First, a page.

Molecular Gastronomy

by Jo Kenny

So with all the endless food shows on tv you’re bound to have come across technical types of cooking which have become mighty popular in fine dining. I’m talking water baths and dry ice and all the stuff that takes food to a really sciencey level. Well, now you can try it at home! Cheeky Monkey sent me a little preview of their latest product, it’s a molecular gastronomy kit, allowing you to turn all manner of foods into little balls of flavour.

Mollecular Gastronomy kit review home fine dining

Mollecular Gastronomy kit review cream chargers

The kit is filled with powders and tools that look as far removed from something you’d eat as imaginable. Within the instructions is an example recipe for fruit based spheres. I had a tasty little faux-chocolate-cheesecake dessert in mind and decided some fruity blackberry balls would go a treat on top.

Faux Choc Cheesecake

  • Serves 2-3
  • 2 packs ginger nut Nature Valley granola bars
  • 2 tubs 0% Greek Yoghurt
  • 1.5 tbsp Nutella
  • 2 tsp coconut oil
  • Blackberries (optional)


This dessert is designed to be ridiculously quick and easy, with a little less guilt. Start by crumbling your granola bars into crumbs and adding in the coconut oil until you have a sandy consistency. Loosely pack this into a wine glass.

Mollecular Gastronomy kit review greek yoghurt nutella granola dessert

Mollecular Gastronomy kit review greek yoghurt nutella

Next whisk the nutella into the Greek yoghurt. Dollop onto the granola base and pop into the fridge to chill. Voila! Whilst that was cooling I got down to business with my blackberry molecules. The kit comes with two powders in handy resealable sachets. I’d like to explain the process, but the leaflet (and instructions in general) is a little complicated! Something about coagulating ions and how one powder prevents the mixture of your choice from setting, whilst the other enables it, so when the two meet they create specification.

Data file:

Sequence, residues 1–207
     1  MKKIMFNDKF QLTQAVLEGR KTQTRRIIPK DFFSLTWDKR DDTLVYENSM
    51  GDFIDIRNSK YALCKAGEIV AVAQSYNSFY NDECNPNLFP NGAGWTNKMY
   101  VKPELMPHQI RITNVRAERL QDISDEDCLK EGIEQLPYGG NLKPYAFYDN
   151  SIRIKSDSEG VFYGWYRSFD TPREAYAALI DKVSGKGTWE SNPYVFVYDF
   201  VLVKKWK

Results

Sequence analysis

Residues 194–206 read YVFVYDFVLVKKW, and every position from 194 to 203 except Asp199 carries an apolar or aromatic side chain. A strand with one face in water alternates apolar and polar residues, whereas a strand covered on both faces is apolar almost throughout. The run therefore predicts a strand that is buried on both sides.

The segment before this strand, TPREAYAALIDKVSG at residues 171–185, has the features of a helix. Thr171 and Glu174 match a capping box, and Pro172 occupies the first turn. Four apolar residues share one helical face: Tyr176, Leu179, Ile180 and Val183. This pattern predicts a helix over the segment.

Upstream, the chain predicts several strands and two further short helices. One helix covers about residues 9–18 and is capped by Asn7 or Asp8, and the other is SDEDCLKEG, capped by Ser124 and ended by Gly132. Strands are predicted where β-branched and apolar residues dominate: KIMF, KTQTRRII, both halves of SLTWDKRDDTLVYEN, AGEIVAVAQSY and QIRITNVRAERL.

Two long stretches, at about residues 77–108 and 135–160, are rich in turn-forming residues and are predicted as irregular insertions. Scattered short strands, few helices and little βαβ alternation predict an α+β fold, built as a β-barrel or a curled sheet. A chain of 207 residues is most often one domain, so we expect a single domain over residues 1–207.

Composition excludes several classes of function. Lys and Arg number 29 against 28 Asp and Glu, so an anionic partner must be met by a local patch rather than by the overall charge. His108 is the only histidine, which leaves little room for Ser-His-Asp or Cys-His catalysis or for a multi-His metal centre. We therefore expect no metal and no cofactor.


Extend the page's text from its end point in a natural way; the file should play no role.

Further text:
Half a teaspoon of the sodium alginate goes in with the blackberries to blend and one teaspoon of calcium lactate goes into 500g of water. This is the setting bath you drop your mixture into.

Mollecular Gastronomy kit review blackberry caviar dessert

You have to wait at least half an hour for the agents to work their magic, once ready the mixture is syringed and dropped into the setting bath to create the spheres. I found the syringe difficult to use so opted for the pipette instead.

Mollecular Gastronomy kit review blackberry caviar dropper

I found this much harder than I thought it would be. The mixture didn’t drop out in nice round blobs as I’d hoped. In fact, my spheres looked quite different to the pristine kind you find chefs doing!

Mollecular Gastronomy kit review caviar blackberry

Even more disappointingly, on removing the balls I found they hadn’t set.

Mollecular Gastronomy kit review blackberry droplets

Mr YDS, equally unimpressed with my efforts had a go himself, convinced something had gone wrong in the process. It is after all science, which needs to be precise. So he scrutinised the instructions and whipped up another batch…

Mollecular Gastronomy kit review home made

…Only to fail as well! Opting in his defeat for some entertaining blackberry snakes.

Perhaps this was an operator error. It most likely was, but the fact that both of us failed so spectacularly suggests that the process is just too complicated. To be successful for folk at home the process/instructions definitely need some tweaking. Had this worked I would say it’d be a nice little gift for a food enthusiast, it has the potential to be fun! It retails at £7.99 so not breaking the bank, but to be a worthwhile product it does need to be more user friendly. Sadly on this occasion I had wasted a pack of beautiful blackberries and turned them into inedible mush. The age old saying ‘don’t play with your food’ sprung to mind.

Mollecular Gastronomy kit review greek yoghurt nutella dessert

Dessert however (sans blackberries) was delicious!

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